Helping Hazy: Keeping Yeast (and the Bottom Line) Healthy | Brewing Industry Guide

Helping Hazy: Keeping Yeast (and the Bottom Line) Healthy

To re-pitch yeast or to “pitch and ditch”—that is the question. Doing a cost analysis can help hazy IPA brewers of all sizes really think about the best yeast option to not only create a desired beer but also to keep the bottom line in the black.

John Holl 3 months ago

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Last year’s most popular style at the Great American Beer Festival, the hazy IPA, seems unstoppable both in consumer demand and brewer enthusiasm. A lot of work goes into making sure that batch after batch, specs are met and flavors are intact, and so much relies on the yeast and keeping it healthy.

Historical Knowledge

While New England–style IPA might be relatively new in beer, at Springdale by Jack’s Abby—the experimental and barrel-aging arm of Jack’s Abby Brewing—they have applied a lot of historical knowledge in their approach to making hazy, hops-forward ales, thanks largely to the lagers for which the brewery’s original business is well-known.

“We wrote standard operating procedures for 5 or 6 years with our lager yeasts,” says brewery Cofounder Jack Hendler. “We knew what it liked and what it didn’t. When we started with IPAs, we struggled because we tried to use the things we know for lagers as our best practices on the IPA, and that wasn’t best for the beer.”

He says that individual brewers at the company ran test batches with different strains to see what worked best for the New England–style IPA they wanted to brew. Over the past 2 years, they’ve tried “a lot” and finally settled on one that works well for them and isn’t too extreme in its variations on viability.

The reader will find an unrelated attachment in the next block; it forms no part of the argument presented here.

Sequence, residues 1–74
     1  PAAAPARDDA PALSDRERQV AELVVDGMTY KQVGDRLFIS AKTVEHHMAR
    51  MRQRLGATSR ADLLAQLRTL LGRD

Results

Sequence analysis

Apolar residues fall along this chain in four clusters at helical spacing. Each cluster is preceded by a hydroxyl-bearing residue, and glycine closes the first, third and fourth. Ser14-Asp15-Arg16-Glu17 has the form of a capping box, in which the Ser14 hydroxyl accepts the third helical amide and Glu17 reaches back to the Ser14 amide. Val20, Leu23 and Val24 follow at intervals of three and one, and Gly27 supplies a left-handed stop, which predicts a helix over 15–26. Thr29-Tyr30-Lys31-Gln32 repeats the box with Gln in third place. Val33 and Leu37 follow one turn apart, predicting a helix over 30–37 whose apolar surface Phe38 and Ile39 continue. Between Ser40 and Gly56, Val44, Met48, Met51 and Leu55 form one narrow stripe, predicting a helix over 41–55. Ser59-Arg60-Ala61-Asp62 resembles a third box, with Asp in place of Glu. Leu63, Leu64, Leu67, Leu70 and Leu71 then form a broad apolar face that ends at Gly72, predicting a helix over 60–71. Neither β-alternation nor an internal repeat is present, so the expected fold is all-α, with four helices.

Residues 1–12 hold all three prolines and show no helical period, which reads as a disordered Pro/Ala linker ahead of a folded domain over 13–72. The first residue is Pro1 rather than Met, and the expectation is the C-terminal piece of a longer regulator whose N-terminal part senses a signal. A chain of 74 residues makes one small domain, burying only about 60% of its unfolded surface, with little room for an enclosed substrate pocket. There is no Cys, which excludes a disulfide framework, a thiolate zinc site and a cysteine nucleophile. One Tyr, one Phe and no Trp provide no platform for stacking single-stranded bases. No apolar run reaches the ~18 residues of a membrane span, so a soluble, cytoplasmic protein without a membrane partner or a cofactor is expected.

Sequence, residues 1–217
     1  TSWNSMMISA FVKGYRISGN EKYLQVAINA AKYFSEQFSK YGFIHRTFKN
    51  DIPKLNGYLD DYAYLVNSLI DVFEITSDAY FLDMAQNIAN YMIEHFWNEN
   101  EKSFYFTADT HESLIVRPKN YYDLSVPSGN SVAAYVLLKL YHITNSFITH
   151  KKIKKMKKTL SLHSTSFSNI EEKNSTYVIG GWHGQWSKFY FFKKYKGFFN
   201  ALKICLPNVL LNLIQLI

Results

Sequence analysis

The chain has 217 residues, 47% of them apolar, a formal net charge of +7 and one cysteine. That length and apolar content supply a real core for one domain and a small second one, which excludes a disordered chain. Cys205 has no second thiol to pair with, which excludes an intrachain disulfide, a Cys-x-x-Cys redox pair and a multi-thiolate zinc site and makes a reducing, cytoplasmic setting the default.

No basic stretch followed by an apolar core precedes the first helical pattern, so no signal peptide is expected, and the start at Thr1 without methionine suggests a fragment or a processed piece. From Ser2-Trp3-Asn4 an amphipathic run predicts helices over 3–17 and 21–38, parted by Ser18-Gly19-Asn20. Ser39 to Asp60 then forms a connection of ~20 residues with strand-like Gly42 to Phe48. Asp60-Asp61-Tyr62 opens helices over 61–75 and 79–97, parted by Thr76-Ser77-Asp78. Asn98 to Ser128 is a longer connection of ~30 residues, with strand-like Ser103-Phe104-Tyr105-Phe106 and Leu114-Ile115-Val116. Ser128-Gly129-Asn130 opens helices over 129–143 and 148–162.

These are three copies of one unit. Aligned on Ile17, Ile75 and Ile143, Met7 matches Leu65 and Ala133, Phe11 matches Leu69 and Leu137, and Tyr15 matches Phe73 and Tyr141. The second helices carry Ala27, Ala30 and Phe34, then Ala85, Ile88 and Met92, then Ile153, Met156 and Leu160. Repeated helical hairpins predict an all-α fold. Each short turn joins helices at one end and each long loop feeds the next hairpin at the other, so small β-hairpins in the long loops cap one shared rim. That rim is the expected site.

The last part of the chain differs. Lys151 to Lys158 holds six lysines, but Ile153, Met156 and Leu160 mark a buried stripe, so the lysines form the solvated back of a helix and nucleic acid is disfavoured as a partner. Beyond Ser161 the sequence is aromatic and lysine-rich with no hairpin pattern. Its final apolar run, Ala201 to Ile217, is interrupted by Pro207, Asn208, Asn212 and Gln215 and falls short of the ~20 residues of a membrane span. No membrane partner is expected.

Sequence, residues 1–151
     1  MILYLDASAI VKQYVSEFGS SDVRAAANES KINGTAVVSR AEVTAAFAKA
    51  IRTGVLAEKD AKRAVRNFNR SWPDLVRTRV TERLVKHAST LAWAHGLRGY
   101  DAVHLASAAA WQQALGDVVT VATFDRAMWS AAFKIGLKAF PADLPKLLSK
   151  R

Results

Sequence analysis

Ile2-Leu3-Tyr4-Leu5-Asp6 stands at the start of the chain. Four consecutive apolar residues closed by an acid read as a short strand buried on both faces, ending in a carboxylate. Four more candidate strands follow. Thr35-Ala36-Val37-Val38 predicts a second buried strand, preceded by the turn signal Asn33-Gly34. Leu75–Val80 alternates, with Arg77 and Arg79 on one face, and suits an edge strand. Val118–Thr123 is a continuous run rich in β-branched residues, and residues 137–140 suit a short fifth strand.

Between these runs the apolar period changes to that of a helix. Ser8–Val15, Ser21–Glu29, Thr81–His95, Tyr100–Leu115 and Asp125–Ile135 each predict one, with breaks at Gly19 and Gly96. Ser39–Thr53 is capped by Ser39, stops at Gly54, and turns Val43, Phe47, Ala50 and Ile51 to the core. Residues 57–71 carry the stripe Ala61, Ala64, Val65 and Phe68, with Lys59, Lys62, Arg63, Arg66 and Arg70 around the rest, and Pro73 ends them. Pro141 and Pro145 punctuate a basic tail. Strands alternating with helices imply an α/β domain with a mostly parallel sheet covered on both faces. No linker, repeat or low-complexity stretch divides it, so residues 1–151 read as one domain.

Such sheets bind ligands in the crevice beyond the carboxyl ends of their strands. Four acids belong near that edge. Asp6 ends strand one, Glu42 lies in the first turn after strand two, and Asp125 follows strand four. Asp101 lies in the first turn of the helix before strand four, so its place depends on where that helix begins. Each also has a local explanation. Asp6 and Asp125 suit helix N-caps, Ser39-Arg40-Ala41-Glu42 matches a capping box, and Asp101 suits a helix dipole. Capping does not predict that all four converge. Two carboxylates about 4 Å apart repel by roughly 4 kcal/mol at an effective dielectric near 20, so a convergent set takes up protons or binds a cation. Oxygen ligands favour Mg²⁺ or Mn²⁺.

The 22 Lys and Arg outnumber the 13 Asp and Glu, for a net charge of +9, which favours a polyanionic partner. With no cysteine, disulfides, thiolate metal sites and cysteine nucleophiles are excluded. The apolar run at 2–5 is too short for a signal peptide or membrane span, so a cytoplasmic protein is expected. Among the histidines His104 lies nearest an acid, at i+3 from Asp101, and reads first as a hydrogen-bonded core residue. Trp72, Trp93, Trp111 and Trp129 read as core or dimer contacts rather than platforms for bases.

“There’s still a lot to be discovered about the role of hops as part of the fermentation profile,” Hendler says. “There are definitely ale yeast strains that don’t behave well with hops in the fermentor, and there are some yeasts that do. We happened to get lucky with the yeast strain that we use. Not only does it have a fermentation profile that we like, but from our perspective, there is a limited impact from its interaction with the hops.”

To keep the yeast strain they use healthy and viable, Hendler says the brewery pulls it from fermentation before the beer is dry hopped, which could be as early as day two or three. From there, they work out their brewing schedule to re-pitch that yeast into another beer, one that doesn’t require hops during fermentation, such as a stout. He says the brewery can go ten or so generations going back and forth between a hazy IPA and another ale.

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“Even though we will re-pitch yeast that has some hops in fermentation, we don’t re-pitch yeast that has been dry hopped. There’s only so much hops particulate you can put into a fermentor and have reasonable refermentation and growth.”

He knows that not everyone will agree with this approach and cites his more than dozen years brewing and how “some things just get ingrained in your head whether it’s for an actual purpose or just a habit developed that you stick with.”